Now the second Adam and his bride will “eat of the tree of life and live forever.” (Revelation 22)   Christ considers us “his bride” and we consider him our bridegroom as we wait for the wedding feast.  Paul was deeply amazed at the marvel of this understanding. “This is a great mystery, I'm talking about Christ's relationship to the church.” (Galatians 5)  We note with Paul that the love Christ has for his bride is an ideal template for human married love.


The Wedding Feast

Revelation 21:  And I saw the holy city, new Jerusalem, coming down out of heaven from God, prepared as a bride adorned for her husband; and I heard a loud voice from the throne saying, “Behold, the dwelling of God is with men.”

One day Christ will come and the voice will call out that the bridegroom is near.


I imagine those that have been males in the ecclesia will not say to their bridegroom in that day, “I am so glad you’re back, I stood in for you the best I could.”  No, they will be trembling, breathless, weak in the knees like a young girl. They will be giddy and blushing like a young bride, they will be awe struck at the sight of their husband. Their hearts will be racing. In that day all as one being will realize the only allegory ever lived out in the ecclesia was that of being a young woman! Yes, a young bride, reflecting the glory of her Lord and being granted a place along side her husband.  Let us rejoice and exult and give him the glory, for the marriage of the Lamb has come, and his Bride has made herself ready; it was granted her to be clothed with fine linen, bright and pure--for the fine linen is the righteous deeds of the saints.  The bride of Christ spends her time “in waiting” creating a fine linen wedding gown. This cloth, bright and pure, is woven from “the righteous deeds of the saints”.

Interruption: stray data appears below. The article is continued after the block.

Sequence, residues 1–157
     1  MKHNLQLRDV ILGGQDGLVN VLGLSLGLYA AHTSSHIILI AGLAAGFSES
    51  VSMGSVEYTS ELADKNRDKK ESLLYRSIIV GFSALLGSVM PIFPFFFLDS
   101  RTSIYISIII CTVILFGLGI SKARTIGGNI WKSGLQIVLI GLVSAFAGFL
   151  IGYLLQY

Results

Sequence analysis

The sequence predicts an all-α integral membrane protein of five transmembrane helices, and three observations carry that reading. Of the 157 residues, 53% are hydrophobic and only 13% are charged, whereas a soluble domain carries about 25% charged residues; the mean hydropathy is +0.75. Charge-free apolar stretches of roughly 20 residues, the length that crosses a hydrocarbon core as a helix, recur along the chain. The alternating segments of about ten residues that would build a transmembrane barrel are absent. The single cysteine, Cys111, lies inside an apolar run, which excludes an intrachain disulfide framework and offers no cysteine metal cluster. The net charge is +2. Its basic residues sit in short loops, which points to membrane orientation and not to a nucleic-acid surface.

Revelation 22: The Spirit and the Bride say, “Come.”  And let him who hears say, “Come.”   Let us who hear the call say Come. Let us invite all those men and women who seek Christ and need his Kingdom to see this living allegory in the ecclesia: that of a bride aglow with anticipation of her wedding day, righteous, accepted, loved, and overjoyed.


Section Conclusion

It is noteworthy that nothing in this allegory speaks to any sense of impurity or shame. What is said is that she has “kept God’s word,” she is clothed with a wedding gown representing her righteous deeds. She is a completely acceptable bride waiting for her bridegroom. She is waiting for the wedding feast. In this allegory there is no suggestion that a part of the bride is allegorically covered. She appears a bride in her glory.


Christ’s Relationship with his Bride

Jesus speaks of himself as the bridegroom and his believers as his bride. It seems appropriate to consider what (if anything) Jesus had to say about the relationship between a husband and wife. As he choose this metaphor, his thinking on that relationship may offer an insight into what type of relationship Jesus has with his bride.